There was a time when I was really committed, even a little excited, about recycling. I had just moved into my new house from an apartment and for the first time, those orange and green bins were all mine to use. I know it’s a little nerdy, but it happened, and I’m not ashamed of it.
At first I was all about it, making sure to check labels, crush plastic bottles and sort paper from plastics just like I had been taught to do. But then, somewhere along the way and I’m not sure when or why, laziness set in. Suddenly it was an effort to make sure every can and bottle got to the proper bin. The trash can was just so much easier – it was right in my kitchen after all, and the bins were all the way in the garage. When my plastics did make it out there, I was just tossing them toward the bins and wherever they landed, they landed. The same was true with newspapers. If they made it to the garage, “yay” for me, if not, that’s ok. I’m sure some of you know what I’m talking about.
I won’t lie, or even try to make excuses for my seemingly inexplicable lack of concern for the environment at the time, even though it was such a small effort on my part to make a change for the better. But that all changed when I took a ride to the Orange County Landfill with a friend of mine to help (well, really to supervise) him throw some debris out from the house he was remodeling. As I helped (watched) him throw away doors, baseboards and other such household goodies, I took a second to survey the land and realize just how tall that garbage mountain was really becoming.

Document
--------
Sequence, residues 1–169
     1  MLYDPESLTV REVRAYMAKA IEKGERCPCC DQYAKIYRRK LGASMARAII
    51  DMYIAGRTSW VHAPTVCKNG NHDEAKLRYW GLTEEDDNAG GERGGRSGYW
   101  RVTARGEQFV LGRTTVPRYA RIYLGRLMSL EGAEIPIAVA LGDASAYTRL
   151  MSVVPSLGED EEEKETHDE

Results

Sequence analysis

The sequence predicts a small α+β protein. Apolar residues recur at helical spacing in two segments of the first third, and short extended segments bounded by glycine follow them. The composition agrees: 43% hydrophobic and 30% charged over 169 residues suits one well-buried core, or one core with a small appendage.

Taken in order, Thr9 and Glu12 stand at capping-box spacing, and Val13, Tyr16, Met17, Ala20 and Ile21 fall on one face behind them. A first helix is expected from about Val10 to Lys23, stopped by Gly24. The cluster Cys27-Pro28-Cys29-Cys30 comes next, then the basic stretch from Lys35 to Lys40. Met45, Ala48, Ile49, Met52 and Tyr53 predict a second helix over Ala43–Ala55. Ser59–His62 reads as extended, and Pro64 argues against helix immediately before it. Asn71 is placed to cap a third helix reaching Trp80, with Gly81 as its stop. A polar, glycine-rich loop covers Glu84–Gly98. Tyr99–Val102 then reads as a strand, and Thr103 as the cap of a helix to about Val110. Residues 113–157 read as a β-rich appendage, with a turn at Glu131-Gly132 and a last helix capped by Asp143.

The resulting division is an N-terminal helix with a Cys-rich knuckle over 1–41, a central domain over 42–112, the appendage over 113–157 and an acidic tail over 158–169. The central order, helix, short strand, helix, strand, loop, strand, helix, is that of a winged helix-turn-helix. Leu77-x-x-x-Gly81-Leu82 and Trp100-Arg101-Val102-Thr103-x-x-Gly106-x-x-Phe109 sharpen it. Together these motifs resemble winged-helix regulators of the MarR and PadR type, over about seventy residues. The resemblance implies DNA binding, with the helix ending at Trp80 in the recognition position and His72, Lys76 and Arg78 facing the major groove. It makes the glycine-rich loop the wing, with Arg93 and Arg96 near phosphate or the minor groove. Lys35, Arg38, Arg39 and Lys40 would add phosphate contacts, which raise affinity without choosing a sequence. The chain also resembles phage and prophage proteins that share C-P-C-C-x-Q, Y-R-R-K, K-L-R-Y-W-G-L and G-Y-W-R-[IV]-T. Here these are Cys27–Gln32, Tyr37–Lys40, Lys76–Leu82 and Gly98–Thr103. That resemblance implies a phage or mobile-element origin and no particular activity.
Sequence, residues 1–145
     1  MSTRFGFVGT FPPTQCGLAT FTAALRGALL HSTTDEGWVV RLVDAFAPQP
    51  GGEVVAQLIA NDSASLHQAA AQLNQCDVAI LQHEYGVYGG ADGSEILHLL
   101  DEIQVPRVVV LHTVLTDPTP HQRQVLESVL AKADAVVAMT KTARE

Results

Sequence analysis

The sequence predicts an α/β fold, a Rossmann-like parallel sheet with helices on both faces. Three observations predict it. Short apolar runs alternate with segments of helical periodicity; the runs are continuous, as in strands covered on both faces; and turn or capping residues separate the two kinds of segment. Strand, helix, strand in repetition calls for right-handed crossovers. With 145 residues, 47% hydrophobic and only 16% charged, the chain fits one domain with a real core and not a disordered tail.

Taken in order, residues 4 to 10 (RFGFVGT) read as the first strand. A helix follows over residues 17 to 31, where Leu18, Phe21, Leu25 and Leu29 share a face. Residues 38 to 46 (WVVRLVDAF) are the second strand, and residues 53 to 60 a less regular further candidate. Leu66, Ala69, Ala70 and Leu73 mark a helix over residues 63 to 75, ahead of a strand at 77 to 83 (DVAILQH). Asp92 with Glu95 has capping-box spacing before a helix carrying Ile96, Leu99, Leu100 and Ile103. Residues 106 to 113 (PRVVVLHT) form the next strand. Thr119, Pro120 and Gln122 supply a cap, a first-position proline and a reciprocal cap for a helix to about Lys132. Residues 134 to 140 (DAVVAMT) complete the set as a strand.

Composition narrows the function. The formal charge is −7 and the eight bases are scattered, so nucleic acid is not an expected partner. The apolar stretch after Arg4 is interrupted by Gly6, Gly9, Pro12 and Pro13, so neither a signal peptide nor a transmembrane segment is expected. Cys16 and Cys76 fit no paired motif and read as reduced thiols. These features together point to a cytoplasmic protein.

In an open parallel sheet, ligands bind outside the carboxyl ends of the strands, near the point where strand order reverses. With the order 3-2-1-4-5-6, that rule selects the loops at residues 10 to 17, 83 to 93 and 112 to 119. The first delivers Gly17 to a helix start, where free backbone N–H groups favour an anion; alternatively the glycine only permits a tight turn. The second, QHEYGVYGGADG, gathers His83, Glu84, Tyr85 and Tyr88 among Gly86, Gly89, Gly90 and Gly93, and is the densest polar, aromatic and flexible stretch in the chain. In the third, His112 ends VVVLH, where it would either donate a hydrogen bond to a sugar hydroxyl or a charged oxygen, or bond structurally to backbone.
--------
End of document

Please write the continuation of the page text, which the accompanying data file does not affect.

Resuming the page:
I could see the heavy construction equipment pushing around trash mixed with cans, bottles, plastics and other such recyclables and I thought, “I wonder how much of that is mine?” And that’s when it all came back to me. I’m not a huge environmentalist, maybe I should be, but at that moment I knew I simply wasn’t doing enough to stop the steady growth of the landfill. It was time for a change. It was time for a redemption of sorts.
When I got home, I had renewed vigor and intensity to begin recycling in earnest yet again. I was going to come up with a system, fight my laziness off with a recycled broom and do the easy legwork that I could do to make a difference, however small it might be. Since then, I’ve reduced my garbage output by about 40-50 percent and every day I put something in those bins, I feel a little bit better.
Is it a small victory? Of course – I know I’m not singlehandedly changing the world. But what I am doing is singlehandedly reducing my impact on the environment. I’m taking control of what I can take control of, and that’s empowering, however small the difference may be.
My point is, if each one of us were to really step up what we’re doing to conserve and change, we can make a pretty substantial difference with just about zero effort on our part. I mean, how hard is it to put things in the proper bins (orange for paper, green for aluminum/plastic/everything else, just so you know)? It’s not and that’s what I’m trying to say.
No one has to go out of their way or be a hero or anything, we just have to think and care for a few more steps to the garage and to the curb. That’s My Story and I’m sticking to it.
by Patty Yung